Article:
Morgan Marquis-Boire, Security Engineer at Google Incident Response Team, analyzes the digital aspect of activism and anti-dissident activities during the Arab Spring.
Hello and welcome to CuteCats.exe and the Arab Spring. My name is Morgan Marquis-Boire and I work on the Google Incident Response Team. Today, however, I am not here to talk about Google, but to discuss what appears to be the systemic use of phishing and surveillance malware as a means of suppressing dissidents during the so-called Arab Spring.
Before I start, I’d like to point out that this is work that I’ve done mainly with the Electronic Frontier Foundation in San Francisco and with the Citizen Lab, which is a human rights, digital media and global security think tank at the University of Toronto.
So, without further ado – CuteCats.exe and the Arab Spring. The title of this presentation refers to a revolutionary way of demonstration and protest occurring around the Arab world that began in December 2010, and also to a theory developed by Ethan Zuckerman in 2008.Mr. Zuckerman postulated (see left-hand image) that most people are not interested in activism but mainly use the Internet for surfing pornography and lolcats. The tools that are developed for these activities, such as Facebook, Twitter, Blogger, etc., are nevertheless very useful to social movement activists who lack the resources to develop dedicated tools themselves.
So, he then goes on to stipulate that, subsequently, this makes activists more immune to reprisals by governments, than if they were using dedicated activism platforms, because messing with people’s cute cats and pornography provides a far greater outcry than shutting down obscure activist resources.My corollary theory, which is the CuteCats.exe Theory of Digital Activism, is that once a platform attracts a critical mass of activists, that platform will be used to target them.
So, I’m sure many of you heard people describe parts of the Arab Spring as the Twitter Revolution or the Facebook Revolution. I don’t necessarily agree with those phrases, but they reflect the usefulness of the platforms Ethan Zuckerman describes in the organization of social movements. People that orchestrate surveillance campaigns are also familiar with this idea. Unsurprisingly, the targeting of dissidents across civil countries involved in the Arab Spring has played on the usefulness of Facebook, YouTube, Twitter, Skype and other popular platforms.As everyone is probably well aware, there has been an extended period of unrest in Syria. Protests began in January 2011 and spread into a nation-wide uprising. Since then the Assad regime has deployed the Syrian army to quell the uprising, besieging several cities, however, as of the present day, this conflict is still ongoing.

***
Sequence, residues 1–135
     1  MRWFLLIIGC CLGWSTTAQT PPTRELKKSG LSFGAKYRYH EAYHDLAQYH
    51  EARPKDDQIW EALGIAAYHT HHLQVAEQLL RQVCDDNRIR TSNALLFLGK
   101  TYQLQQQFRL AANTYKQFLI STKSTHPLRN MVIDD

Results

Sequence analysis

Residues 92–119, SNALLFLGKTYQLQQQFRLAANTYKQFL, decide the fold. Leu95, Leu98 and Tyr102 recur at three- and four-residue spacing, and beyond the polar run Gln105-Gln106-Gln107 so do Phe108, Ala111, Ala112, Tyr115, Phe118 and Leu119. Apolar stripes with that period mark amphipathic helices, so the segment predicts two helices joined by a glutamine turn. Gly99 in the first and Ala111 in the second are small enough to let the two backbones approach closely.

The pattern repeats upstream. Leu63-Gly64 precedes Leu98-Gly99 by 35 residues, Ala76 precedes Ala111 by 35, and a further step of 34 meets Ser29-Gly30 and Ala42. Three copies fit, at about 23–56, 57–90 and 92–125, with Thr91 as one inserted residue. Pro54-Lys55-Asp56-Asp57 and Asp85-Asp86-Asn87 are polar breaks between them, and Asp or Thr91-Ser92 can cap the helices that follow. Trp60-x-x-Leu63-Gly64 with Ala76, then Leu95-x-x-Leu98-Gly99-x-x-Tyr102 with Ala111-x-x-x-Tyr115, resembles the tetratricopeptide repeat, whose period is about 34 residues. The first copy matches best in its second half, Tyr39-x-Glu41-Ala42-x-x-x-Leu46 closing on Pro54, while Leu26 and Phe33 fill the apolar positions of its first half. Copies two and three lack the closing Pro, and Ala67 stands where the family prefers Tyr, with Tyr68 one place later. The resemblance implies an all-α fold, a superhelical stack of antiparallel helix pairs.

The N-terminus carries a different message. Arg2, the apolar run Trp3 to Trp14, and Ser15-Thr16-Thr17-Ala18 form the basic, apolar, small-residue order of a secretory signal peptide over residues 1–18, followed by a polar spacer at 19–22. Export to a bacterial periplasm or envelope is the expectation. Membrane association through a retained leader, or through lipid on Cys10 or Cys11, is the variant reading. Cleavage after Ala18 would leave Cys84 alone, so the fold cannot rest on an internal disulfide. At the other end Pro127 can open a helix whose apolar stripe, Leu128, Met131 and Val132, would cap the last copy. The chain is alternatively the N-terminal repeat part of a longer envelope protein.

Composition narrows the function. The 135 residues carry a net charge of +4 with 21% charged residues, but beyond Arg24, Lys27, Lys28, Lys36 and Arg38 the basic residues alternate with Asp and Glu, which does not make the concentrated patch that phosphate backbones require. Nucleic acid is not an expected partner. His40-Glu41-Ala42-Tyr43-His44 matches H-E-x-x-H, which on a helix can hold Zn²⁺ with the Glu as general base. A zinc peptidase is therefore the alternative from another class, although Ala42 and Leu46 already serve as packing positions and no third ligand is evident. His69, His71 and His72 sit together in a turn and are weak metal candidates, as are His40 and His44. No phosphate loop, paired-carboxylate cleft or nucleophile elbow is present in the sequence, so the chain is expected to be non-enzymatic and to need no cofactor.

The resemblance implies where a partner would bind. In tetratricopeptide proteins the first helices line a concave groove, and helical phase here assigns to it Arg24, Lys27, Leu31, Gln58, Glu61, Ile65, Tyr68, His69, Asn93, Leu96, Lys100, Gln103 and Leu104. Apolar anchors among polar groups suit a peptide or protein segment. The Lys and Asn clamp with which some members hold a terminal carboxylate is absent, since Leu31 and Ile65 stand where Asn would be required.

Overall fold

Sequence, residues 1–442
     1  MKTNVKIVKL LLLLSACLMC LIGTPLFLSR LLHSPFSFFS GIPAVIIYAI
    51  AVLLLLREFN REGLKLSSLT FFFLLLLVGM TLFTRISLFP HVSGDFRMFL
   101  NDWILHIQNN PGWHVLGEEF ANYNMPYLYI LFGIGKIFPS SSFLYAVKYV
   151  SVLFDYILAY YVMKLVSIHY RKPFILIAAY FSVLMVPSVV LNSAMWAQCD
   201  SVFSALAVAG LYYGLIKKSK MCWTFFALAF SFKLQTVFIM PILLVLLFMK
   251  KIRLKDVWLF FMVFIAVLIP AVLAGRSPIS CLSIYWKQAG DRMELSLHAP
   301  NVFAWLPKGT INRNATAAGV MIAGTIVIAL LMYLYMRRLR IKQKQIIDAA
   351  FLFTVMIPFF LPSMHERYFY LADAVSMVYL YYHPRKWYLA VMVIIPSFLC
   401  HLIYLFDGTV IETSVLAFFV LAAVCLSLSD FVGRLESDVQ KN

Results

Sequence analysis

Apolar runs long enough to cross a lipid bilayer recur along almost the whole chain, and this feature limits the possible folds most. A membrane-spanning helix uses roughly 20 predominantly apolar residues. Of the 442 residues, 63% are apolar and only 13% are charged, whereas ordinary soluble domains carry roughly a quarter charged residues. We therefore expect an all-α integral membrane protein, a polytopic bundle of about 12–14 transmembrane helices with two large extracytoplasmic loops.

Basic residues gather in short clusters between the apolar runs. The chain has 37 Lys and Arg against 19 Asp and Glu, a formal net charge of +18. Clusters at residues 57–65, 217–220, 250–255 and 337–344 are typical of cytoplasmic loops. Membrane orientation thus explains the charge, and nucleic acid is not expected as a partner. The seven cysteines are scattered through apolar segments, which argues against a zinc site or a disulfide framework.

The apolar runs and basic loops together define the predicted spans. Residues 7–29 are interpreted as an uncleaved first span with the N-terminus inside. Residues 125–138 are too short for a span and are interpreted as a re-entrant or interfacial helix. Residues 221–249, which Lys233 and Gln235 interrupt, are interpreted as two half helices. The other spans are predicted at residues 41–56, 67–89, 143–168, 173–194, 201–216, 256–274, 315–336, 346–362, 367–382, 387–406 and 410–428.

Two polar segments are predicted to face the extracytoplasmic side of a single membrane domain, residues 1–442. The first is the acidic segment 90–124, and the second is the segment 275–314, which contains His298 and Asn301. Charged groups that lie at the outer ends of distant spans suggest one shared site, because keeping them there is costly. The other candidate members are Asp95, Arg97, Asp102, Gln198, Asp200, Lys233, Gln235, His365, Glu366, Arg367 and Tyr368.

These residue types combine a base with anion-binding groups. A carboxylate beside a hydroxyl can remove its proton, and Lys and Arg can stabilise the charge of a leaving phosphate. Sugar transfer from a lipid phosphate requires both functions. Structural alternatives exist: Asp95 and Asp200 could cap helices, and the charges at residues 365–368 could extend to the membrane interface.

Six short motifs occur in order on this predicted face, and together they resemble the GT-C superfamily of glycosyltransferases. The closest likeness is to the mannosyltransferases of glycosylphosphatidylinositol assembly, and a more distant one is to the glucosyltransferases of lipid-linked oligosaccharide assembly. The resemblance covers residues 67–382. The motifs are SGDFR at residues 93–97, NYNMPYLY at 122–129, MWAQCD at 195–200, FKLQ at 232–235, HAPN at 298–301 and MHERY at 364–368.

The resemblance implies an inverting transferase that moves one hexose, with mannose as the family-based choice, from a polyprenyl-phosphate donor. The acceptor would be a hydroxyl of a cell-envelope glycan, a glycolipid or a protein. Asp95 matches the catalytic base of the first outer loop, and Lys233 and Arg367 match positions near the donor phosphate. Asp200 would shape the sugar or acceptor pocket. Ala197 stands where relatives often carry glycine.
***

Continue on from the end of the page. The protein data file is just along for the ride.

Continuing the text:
Shortly after the beginning of the physical conflict a digital campaign was started against the opponents of Assad’s regime. While this was not publicly unearthed until 2012, evidence points this campaign starting in November 2011 or earlier.Around Christmas of that year a group of activists providing technical support to the uprising were arrested. One of those who remained unimprisoned received a Skype message from one of his friends who had been captured advising him to install a useful tool, which would enable him to disguise his online identity from the regime surveillance. Unthinkingly, he installs the software and then realizes upon reflection that this was probably not a great plan (see right-hand image).
He called to external agencies for aid, and the analysis of his machine revealed that it had been infected with a remote access Trojan, which provided significant capability for surveillance of its victims. It allowed for logging of keystrokes, streaming remote view of his desktop, the ability to watch him through his webcam and listen to him through his microphones, as well as execute arbitrary programs. In addition to this particular Trojan, the machine was found to have been twice previously compromised several weeks earlier by the same actors.
Analysis of his computer and malware continued through January, and on February 17 CNN announced that computer spyware was the newest weapon in the Syrian conflict and discussed the widespread hijacking of activists’ accounts and credentials, as well as the targeting of dissidents.
Since this article, we have been able to track multiple persistent campaigns targeting opponents to the current regime in Syria. Their preferred methods involved targeting dissidents via Skype accounts of compromised friends, as well as targeting them through social networks used to organize the revolution.
For instance, Facebook is a platform that was banned in Syria until February 2011. It has many pro-revolution forums and profiles of prominent members of Syria opposition. In early April the Facebook page of Burhan Ghalioun, a professor at the Sorbonne in Paris and the leader, at the time, of the Syrian opposition transnational council was hit with a phishing attack.This leads to almost 6000 friends and any visitors to his page being led to this website (see right-hand image). So, this is obviously designed to look affiliated with Facebook and offers a download under the words “Facebook security”. Unsurprisingly, this download is malicious software with keylogging functionality.
The malware was hosted on this (see leftmost image below) compromised site, which was found to be hosting multiple Facebook phishing campaigns by the same actors, such as this one (middle image below) and this one (rightmost image below).